This Magic Monday, we look at the differences between empathy and sympathy and how we can feel with someone instead of for them.
Have you ever had one of those days? You know the one. Where everything just went wrong from the beginning, and then after bringing it up to a coworker, you received a sympathetic response: “You poor thing!” and it didn’t really make you feel better at all.
In her book Dare to Lead, shame and vulnerability researcher Brené Brown writes, “Empathy is not connecting to an experience, it’s connecting to the emotions that underpin an experience. Empathy is feeling with people. Sympathy is feeling for them.” Sympathy responds, “I feel so sorry for you!” while empathy responds, “I understand that feeling, and it sucks.”
But what if you haven’t had that exact experience? Can you still provide the empathetic response that’s needed? Brown assures, “if you’ve ever felt grief, disappointment, shame, fear, loneliness, or anger, you’re qualified.”
While there is more to empathy than just the “right” phrases, a few that might help are:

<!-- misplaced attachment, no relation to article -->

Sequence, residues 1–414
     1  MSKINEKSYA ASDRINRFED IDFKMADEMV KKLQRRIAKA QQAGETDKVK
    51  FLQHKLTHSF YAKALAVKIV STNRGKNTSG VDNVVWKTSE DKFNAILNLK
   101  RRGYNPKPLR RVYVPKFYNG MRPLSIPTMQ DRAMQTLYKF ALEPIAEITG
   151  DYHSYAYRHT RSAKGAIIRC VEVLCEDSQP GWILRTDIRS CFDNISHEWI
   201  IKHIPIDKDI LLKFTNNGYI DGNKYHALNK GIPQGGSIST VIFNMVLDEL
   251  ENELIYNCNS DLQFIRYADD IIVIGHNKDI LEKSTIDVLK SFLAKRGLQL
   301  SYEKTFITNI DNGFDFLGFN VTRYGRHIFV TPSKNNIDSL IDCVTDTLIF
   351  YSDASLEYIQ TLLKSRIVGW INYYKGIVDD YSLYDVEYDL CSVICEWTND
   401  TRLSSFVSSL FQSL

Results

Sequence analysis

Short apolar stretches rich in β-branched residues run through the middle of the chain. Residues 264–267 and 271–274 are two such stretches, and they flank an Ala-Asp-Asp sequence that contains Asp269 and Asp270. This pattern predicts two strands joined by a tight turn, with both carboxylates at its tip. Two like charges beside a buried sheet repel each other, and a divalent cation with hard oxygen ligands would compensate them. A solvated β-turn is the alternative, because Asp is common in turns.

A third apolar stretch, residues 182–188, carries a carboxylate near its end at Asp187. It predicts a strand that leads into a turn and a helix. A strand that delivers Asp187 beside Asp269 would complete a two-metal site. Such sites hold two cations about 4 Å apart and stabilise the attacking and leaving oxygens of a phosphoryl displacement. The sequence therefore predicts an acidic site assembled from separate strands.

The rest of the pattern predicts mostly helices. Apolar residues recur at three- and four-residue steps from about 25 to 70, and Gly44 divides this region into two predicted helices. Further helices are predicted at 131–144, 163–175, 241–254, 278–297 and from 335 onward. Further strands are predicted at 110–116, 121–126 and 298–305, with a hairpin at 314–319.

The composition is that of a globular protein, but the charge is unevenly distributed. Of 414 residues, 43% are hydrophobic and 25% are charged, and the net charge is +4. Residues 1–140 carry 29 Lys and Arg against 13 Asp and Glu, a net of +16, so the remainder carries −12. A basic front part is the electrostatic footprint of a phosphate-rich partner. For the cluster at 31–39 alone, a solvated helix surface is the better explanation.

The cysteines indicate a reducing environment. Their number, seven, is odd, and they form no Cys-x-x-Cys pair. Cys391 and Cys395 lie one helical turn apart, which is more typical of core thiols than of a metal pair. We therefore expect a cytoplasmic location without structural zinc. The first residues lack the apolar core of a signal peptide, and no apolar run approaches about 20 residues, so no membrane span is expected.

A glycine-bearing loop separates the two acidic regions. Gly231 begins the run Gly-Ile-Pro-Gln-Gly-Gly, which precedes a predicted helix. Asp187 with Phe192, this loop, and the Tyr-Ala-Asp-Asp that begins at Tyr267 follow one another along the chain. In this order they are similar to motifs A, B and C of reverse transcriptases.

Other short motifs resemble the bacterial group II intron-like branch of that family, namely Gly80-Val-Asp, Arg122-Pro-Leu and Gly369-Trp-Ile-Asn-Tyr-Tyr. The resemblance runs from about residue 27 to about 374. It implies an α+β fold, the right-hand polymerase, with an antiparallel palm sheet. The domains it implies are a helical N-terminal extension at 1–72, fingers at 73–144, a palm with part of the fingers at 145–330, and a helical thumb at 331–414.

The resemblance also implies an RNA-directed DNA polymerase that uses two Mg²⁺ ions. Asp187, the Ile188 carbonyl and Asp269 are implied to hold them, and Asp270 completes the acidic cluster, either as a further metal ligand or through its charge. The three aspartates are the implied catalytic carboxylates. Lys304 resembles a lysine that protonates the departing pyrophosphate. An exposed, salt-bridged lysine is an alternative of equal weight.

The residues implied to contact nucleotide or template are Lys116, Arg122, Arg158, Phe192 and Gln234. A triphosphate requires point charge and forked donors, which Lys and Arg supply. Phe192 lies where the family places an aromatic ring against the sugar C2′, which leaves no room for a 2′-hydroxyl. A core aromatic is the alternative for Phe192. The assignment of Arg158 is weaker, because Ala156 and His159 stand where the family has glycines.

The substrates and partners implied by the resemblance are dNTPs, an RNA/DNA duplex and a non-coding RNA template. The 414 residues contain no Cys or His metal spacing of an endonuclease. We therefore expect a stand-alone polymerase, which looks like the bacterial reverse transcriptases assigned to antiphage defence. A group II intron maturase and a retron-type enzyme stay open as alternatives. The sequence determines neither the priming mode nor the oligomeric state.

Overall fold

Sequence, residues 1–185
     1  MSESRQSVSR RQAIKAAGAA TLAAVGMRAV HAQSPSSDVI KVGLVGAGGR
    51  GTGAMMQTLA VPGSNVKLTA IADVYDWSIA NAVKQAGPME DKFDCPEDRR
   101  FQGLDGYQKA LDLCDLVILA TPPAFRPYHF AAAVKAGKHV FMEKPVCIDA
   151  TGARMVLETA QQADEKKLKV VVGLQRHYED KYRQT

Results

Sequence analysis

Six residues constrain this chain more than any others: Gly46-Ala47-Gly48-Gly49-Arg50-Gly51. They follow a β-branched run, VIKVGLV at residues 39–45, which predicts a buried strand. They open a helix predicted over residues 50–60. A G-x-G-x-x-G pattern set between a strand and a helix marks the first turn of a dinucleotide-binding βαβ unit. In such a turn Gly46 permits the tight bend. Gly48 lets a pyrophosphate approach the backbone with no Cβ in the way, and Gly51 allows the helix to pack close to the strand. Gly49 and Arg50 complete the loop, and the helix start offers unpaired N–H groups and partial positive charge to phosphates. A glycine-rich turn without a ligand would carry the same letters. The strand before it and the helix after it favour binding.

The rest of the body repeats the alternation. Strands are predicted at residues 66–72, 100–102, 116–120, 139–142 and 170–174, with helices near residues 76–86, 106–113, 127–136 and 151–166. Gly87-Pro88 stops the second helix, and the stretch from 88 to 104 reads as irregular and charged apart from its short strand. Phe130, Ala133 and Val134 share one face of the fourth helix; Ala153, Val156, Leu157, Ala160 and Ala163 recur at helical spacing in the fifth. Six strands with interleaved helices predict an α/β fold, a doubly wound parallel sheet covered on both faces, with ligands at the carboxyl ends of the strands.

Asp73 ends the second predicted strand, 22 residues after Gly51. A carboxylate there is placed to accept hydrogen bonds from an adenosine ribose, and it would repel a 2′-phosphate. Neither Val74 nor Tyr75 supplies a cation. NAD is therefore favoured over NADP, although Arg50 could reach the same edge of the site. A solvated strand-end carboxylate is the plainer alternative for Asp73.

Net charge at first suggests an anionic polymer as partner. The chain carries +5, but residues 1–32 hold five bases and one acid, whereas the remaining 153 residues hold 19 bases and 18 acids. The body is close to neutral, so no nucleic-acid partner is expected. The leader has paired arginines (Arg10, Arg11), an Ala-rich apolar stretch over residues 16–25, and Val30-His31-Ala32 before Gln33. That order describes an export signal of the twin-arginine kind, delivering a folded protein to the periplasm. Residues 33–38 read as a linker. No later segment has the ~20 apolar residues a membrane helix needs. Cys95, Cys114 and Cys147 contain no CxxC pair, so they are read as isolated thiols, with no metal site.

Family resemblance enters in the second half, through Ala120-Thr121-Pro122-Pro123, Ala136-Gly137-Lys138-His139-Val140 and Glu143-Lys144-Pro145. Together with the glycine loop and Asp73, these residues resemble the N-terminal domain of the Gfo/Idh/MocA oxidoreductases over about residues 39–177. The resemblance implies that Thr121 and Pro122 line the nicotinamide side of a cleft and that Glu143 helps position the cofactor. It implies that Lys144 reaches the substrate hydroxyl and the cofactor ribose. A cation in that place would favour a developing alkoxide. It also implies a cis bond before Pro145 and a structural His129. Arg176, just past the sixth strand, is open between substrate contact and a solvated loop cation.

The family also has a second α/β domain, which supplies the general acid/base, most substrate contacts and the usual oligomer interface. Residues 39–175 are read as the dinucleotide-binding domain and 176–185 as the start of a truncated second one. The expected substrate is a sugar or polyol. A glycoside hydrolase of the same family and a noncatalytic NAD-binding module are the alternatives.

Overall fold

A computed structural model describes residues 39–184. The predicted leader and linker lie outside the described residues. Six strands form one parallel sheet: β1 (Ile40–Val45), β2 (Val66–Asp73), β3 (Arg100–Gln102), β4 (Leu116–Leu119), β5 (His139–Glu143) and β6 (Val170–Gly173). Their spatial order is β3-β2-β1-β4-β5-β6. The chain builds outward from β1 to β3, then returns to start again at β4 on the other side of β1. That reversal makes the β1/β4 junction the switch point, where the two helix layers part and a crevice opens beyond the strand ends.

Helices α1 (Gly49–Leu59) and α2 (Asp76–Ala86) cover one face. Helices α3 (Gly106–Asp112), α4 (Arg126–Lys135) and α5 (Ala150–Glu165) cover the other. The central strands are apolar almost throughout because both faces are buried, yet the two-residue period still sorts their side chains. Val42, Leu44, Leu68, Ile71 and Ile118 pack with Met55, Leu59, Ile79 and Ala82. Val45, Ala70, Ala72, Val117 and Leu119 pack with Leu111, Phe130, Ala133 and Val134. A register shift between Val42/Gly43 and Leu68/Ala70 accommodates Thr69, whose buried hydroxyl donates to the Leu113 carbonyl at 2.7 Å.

- I’ve been in a similar place. It’s really hard
- I understand what that’s like
- I know how rough that is
- It is so hard when that happens.
In addition to these questions, it’s also important to remember people receive empathy differently. While eye contact might be important to one person, it may cause another to feel too self-conscious. Other actions such as a comforting hand on the shoulder or knowing when not to say anything and simply listen are other such skills you can develop. The most important thing is to listen, observe and learn, ensuring the recipient feels heard and supported in the way that means the most to them.
What are some ways you can work toward showing empathy to someone else this week?